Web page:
When minutes are longer than hours

In a village near Mafraq, Jordan, not far from the Syrian border, Heba and Qasem share a house with two other families. The married couple live here as refugees, with little access to basic services or safe drinking water.

When Heba was near the end of her first pregnancy, she needed emergency care and was rushed to a nearby hospital in Mafraq. Despite the seriousness of her condition, and the risk to the lives of her and the baby, the hospital refused to treat her. They asked her to leave because the delivery she needed didn’t match their terms and conditions, and the couple couldn’t pay the fees.

Since November 2014, Syrian refugees have had to pay the cost of using Jordan’s public health facilities. At the start of the refugee crisis, they received free access, but the costs have become too much to bear for the Jordanian government. This means that Syrian refugees living outside of camps, like Heba and Qasem, are increasingly unable to pay for medical treatment.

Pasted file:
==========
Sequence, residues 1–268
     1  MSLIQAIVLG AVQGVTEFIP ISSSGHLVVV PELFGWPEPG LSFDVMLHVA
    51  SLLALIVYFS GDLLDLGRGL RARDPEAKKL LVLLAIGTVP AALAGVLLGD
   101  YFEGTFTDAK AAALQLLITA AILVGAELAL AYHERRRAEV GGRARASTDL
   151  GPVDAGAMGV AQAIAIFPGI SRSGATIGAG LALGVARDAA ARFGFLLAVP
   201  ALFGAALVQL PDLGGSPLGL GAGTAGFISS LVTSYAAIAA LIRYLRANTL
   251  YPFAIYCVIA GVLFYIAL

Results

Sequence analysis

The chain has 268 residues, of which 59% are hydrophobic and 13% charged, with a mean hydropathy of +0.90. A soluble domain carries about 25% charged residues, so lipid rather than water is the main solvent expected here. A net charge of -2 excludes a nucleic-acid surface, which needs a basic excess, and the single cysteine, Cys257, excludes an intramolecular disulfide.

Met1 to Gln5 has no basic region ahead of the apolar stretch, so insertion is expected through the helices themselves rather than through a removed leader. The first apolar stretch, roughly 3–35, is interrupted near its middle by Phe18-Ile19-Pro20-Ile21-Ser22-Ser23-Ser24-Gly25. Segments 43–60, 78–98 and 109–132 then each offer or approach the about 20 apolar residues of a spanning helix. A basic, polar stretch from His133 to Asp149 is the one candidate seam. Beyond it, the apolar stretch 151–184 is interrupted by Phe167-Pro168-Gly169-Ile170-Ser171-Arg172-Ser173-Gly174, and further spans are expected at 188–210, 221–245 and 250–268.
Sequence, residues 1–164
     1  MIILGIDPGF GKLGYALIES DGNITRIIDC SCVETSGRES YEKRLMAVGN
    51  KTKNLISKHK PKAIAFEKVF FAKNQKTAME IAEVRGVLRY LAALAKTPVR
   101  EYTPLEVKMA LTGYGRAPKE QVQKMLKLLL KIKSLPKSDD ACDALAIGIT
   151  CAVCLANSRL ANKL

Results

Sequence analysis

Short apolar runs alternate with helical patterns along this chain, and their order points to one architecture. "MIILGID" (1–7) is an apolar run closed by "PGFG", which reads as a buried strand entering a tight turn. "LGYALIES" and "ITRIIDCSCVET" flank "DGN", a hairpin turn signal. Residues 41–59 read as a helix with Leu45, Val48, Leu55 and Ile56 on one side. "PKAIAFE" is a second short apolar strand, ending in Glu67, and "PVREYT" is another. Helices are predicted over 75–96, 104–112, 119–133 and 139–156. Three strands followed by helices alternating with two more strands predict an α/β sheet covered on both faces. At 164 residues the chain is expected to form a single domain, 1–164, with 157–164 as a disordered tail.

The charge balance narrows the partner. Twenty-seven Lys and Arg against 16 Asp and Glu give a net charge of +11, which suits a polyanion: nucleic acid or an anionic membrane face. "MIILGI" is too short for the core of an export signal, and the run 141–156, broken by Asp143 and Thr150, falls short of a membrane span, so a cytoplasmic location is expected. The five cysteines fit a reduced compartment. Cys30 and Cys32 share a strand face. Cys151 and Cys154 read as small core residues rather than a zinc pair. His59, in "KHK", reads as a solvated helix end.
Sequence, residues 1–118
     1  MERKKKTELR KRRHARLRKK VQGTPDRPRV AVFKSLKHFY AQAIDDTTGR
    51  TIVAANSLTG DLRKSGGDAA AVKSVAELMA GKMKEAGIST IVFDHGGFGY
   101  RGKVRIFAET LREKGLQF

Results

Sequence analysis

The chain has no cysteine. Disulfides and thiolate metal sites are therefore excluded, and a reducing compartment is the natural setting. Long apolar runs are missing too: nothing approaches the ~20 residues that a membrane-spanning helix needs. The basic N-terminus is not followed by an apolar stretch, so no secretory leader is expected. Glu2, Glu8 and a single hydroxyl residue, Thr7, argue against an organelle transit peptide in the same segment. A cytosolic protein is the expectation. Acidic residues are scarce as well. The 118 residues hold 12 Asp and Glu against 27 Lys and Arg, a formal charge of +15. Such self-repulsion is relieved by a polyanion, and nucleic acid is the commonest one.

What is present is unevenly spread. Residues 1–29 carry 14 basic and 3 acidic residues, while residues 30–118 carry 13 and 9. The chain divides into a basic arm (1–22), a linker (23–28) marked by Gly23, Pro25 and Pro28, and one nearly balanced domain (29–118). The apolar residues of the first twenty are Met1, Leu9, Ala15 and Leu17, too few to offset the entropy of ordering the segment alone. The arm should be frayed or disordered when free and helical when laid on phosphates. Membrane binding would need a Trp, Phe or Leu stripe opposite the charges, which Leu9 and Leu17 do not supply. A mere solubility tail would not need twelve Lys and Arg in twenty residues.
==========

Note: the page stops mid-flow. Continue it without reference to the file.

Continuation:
Fear filled Qasem. He was worried about losing the baby and about the risks to Heba’s life. He was also worried about hospital fees he could not repay.

Yet there was only one possible choice. He rushed Heba to a hospital in Irbid, which agreed to provide the needed care for a price.

In a moment he will never forget, Qasem felt blessed and full of joy when he heard the first cry of his newborn baby girl, Sham, which means Damascus.